In conjunction with the Penn Libraries, the Penn Museum is hosting a special exhibit timed to coincide with Pope Francis's visit to Philadelphia. It's called "Sacred Writings: Extraordinary Texts of the Biblical World," and includes rare artifacts, manuscripts, and books on display now through November 8. The standard adult donation admission to the museum is $15 for adults.
Trains & Buses
Driving and parking in center city Philadelphia will be off limits for most cars during the pope's visit. Understandably, Amtrak tickets to the city during the pope's visit have reportedly been selling fast. Tickets on SEPTA, the local train system, are in high demand as well. Special bus services have been added too, like the series of "PopeBuses" booked to pick up passengers in New Jersey, Delaware, Maryland, and Pennsylvania park-and-ride locations and bring them to the nearest SEPTA station.
Pope Milk Shake
The "Pope Shake" is not a dance (at least not yet). Instead, it's a special limited-edition milk shake made with vanilla ice cream and shortbread butter cookies being sold at Potbelly Sandwich Shop locations in the Philadelphia area through the end of September. The official name of the shake is the #PopeInPhilly (yes, there are hashtags in food names now), and for every $3 shake sold, 50¢ is being donated to the efforts to host the pope's visit to the city.
Coffee Mugs, Wine Glasses & More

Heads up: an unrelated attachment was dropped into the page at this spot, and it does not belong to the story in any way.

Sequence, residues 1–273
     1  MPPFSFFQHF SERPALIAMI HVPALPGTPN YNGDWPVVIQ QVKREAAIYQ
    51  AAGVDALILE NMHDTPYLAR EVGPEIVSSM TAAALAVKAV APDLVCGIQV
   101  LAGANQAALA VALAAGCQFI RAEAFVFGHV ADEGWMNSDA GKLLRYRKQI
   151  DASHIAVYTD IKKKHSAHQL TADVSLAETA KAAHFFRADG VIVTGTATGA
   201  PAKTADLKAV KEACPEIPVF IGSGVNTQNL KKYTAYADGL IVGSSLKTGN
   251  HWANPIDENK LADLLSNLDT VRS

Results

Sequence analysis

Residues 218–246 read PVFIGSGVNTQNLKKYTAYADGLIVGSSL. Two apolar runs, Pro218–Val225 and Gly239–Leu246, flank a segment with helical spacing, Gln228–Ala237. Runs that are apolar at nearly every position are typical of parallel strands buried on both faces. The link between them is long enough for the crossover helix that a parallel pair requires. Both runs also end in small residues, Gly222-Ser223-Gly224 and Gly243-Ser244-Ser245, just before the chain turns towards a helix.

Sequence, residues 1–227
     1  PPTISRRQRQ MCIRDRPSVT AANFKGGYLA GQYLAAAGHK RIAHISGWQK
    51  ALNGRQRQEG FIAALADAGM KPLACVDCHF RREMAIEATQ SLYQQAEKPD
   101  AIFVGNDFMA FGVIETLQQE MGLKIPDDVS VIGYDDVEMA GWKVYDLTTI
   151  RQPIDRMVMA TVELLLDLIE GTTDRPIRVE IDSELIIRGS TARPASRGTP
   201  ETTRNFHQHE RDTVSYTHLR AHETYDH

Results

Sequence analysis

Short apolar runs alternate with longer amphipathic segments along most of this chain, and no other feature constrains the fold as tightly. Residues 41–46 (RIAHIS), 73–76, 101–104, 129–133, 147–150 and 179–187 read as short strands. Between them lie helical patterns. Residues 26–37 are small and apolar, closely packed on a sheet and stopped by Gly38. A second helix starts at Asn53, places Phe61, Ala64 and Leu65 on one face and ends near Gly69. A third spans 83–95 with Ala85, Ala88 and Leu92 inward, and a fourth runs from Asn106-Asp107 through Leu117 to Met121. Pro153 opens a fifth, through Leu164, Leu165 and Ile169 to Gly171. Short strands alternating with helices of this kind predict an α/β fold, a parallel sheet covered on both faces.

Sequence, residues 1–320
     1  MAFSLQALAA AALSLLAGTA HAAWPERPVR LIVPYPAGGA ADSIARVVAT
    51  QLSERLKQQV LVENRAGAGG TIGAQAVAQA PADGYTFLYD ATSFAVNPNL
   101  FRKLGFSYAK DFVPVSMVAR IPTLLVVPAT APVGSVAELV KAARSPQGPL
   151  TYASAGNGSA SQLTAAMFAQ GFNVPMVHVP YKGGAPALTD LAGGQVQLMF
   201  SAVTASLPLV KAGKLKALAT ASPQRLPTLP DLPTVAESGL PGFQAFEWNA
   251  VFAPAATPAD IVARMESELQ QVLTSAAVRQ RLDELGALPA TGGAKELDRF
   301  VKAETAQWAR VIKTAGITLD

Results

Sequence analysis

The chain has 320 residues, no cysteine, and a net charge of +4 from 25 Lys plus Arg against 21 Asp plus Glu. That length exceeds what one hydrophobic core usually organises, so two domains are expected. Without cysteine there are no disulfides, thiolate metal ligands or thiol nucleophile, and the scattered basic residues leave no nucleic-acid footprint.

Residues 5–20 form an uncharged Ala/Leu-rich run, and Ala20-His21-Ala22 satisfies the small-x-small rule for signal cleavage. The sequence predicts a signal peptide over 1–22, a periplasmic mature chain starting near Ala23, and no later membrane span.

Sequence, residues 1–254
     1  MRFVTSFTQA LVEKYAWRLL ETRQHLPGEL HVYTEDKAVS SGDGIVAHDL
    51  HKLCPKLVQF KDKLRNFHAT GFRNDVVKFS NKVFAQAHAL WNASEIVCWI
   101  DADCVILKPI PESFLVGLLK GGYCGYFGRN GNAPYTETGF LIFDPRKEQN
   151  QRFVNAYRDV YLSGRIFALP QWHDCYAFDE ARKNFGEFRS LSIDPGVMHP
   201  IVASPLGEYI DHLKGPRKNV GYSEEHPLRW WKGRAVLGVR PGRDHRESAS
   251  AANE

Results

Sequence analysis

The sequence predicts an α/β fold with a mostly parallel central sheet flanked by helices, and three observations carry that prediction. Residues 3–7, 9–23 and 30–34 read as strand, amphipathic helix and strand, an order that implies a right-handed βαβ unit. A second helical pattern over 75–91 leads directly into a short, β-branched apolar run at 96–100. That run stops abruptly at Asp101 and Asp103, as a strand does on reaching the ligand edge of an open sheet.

Plastic squeeze bottles, pint glasses, ceramic latte mugs, travel coffee mugs, gilded collectible ivory bone china mugs—no matter what your preference is in terms of beverage vessel, the official World Meeting of Families retail site probably has you covered. A set of two wine glasses, for instance, is priced at $30. Like most of the beverage containers for sale, they feature the Philadelphia World Meeting logo that prominently includes an image that bears a strong resemblance to Darth Vader's helmet but is in fact the Liberty Bell.
Over the summer, Curbed rounded up example after example of Philadelphia-area residents attempting to gouge visitors with absurdly high Airbnb rentals during the pope's visit. One bold entrepreneur was asking $5,000 for the right to sleep on his pull-out couch for the weekend. Others listed homes at nightly rates of $5,000 and up, sometimes for locations that aren't even within walking distance of the action. More reasonable Airbnb listings in center city Philadelphia, like the one seen here, are harder to find and understandably tend to book up quickly.
The range of alternately bizarre, amusing, and potentially offensive pope paraphernalia is probably best on display on T-shirts, which run the gamut from "Yo Adrian" pope shirts riffing on "Rocky" to those spreading the word that "The Pope Is Dope." Naturally, Pope Francis baby onesies and hoodies are available for sale as well.